How Elephant Poop Becomes Fancy Paper in Sri Lanka

Read the full story at Atlas Obscura.

Grown-up elephants can eat more than 300 pounds of food—mostly grass, twigs, foliage, and tree bark—in a single day. In the same period, they may defecate 16 to 18 times, producing over 200 pounds of dung. In Randeniya, a small village in the lower wetlands of Sri Lanka, elephant poop is a renewable resource. The sun-dried, deep-brown dung piles up like haystacks in a painting by Claude Monet.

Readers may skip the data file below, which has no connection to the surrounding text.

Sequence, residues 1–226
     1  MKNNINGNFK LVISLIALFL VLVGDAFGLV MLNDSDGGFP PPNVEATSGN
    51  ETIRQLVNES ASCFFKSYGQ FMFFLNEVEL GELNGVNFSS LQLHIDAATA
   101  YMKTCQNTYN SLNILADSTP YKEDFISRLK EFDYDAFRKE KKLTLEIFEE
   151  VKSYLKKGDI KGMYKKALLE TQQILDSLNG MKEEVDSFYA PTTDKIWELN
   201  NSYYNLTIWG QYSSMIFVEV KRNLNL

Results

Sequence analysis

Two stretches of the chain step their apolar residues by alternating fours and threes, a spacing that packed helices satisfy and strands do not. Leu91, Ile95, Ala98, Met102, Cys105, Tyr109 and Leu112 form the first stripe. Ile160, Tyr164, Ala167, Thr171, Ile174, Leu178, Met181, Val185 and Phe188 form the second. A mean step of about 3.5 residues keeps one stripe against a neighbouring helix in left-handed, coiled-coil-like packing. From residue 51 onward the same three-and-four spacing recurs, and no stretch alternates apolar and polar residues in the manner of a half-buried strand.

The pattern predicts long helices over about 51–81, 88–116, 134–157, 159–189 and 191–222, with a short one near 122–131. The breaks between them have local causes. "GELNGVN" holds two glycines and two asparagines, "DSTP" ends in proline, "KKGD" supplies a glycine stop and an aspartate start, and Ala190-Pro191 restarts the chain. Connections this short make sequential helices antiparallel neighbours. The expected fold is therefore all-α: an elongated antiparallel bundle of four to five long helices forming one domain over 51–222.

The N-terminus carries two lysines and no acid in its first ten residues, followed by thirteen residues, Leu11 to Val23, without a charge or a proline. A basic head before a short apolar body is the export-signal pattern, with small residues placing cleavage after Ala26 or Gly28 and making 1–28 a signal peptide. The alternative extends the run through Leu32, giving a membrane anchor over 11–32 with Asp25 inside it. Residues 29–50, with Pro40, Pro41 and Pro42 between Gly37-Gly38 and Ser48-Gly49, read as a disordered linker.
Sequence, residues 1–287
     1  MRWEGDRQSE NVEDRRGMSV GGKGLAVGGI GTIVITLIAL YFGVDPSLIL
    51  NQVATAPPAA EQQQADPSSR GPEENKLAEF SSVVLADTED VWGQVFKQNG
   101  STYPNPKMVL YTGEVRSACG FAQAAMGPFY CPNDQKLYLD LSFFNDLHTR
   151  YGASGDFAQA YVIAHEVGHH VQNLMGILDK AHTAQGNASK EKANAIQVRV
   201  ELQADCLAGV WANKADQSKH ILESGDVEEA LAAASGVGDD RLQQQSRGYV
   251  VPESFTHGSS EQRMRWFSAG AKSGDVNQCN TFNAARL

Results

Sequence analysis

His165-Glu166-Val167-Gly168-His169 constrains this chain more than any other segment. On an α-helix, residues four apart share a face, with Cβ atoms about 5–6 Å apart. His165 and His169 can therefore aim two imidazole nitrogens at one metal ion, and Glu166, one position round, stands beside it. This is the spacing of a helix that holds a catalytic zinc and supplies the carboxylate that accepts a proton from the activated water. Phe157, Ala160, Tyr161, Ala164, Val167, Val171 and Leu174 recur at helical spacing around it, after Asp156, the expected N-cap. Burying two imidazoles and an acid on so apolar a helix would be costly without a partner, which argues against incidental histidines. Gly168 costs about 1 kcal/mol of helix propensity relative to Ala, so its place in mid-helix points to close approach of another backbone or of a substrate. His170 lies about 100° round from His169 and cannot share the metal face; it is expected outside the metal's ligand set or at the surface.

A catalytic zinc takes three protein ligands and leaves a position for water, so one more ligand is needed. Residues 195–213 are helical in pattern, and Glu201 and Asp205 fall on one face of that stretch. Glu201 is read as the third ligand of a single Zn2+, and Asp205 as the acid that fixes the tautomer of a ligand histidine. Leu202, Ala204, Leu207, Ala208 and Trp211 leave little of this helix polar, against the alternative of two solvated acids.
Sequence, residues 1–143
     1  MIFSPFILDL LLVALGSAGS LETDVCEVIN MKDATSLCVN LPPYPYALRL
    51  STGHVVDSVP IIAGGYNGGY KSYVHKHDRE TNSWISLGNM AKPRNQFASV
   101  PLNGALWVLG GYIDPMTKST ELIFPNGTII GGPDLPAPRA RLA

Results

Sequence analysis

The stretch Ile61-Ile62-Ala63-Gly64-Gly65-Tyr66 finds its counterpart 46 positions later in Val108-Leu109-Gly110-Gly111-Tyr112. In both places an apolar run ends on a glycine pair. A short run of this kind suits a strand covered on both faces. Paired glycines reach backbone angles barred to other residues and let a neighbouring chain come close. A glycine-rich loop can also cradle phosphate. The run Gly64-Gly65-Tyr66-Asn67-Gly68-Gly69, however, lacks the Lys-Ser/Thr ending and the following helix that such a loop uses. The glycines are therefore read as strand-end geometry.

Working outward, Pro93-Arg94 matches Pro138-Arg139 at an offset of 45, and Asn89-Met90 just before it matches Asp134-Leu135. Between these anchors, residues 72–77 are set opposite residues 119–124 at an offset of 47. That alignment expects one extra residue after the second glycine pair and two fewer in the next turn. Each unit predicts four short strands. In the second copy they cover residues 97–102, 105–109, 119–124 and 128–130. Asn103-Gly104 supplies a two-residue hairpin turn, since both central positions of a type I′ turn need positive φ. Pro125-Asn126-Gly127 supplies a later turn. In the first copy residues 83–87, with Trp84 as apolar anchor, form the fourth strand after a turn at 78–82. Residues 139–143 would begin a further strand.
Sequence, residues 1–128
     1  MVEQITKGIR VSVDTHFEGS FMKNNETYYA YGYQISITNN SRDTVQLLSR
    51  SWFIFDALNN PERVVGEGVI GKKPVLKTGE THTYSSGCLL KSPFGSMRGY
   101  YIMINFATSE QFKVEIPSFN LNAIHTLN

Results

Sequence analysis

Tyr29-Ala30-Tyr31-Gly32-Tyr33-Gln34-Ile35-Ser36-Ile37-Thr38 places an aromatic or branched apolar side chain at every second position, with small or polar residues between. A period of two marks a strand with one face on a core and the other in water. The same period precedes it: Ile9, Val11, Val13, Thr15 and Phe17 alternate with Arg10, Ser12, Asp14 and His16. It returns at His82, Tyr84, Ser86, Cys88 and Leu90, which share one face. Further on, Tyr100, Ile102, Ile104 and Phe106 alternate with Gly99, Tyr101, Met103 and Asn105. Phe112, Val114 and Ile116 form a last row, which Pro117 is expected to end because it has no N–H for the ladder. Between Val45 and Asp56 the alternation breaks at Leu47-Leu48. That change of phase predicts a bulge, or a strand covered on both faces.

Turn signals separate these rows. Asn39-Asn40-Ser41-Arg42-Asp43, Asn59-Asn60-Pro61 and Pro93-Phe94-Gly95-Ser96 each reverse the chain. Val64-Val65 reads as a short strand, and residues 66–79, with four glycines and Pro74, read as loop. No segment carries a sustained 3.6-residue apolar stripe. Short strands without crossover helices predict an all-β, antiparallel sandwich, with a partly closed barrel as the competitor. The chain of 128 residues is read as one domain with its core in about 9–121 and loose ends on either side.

Visitors could be forgiven for thinking that the poop is useless. But at Eco Maximus, a manufacturer in Randeniya, it takes on a second life. More than 20 years ago, a man named Thusita Ranasinghe saw some dung and had an idea. “He thought he could make paper from it,” says the company’s brand designer, Susantha Karunarathne, with a smile. At his office inside the company factory, Karunarathne wears a green t-shirt which says #elephantdungpaper and shows off some of his recent journal designs.

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